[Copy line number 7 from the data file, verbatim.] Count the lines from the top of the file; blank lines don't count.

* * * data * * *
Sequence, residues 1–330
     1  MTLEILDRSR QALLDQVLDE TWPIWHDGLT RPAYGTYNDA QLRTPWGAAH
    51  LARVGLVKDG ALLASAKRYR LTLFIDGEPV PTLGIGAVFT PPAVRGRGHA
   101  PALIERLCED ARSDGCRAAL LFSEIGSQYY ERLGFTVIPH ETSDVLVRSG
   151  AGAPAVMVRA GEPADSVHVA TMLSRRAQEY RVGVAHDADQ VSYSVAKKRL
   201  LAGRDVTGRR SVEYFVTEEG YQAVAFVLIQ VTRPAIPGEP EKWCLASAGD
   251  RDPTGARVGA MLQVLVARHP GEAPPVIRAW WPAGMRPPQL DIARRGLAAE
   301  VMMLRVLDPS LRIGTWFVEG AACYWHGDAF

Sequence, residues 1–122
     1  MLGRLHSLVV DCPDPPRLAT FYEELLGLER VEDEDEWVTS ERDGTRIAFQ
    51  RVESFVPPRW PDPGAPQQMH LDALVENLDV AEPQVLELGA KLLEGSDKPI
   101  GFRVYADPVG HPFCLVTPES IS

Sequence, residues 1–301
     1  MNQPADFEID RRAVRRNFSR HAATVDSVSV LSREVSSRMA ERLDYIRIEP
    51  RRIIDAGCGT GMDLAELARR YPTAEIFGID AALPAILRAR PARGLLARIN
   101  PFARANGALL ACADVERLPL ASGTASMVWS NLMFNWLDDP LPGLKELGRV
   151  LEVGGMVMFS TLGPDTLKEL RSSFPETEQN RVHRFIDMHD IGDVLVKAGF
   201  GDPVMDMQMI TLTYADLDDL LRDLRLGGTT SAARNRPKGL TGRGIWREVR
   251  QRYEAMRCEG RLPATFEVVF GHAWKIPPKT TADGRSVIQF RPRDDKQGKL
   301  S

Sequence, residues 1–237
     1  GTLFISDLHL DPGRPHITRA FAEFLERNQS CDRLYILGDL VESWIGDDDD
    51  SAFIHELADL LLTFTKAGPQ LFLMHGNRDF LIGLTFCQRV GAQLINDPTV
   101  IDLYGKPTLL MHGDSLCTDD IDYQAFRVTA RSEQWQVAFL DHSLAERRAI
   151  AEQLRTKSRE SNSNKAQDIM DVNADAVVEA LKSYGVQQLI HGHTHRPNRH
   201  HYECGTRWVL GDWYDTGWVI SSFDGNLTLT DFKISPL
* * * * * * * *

   251  RDPTGARVGA MLQVLVARHP GEAPPVIRAW WPAGMRPPQL DIARRGLAAE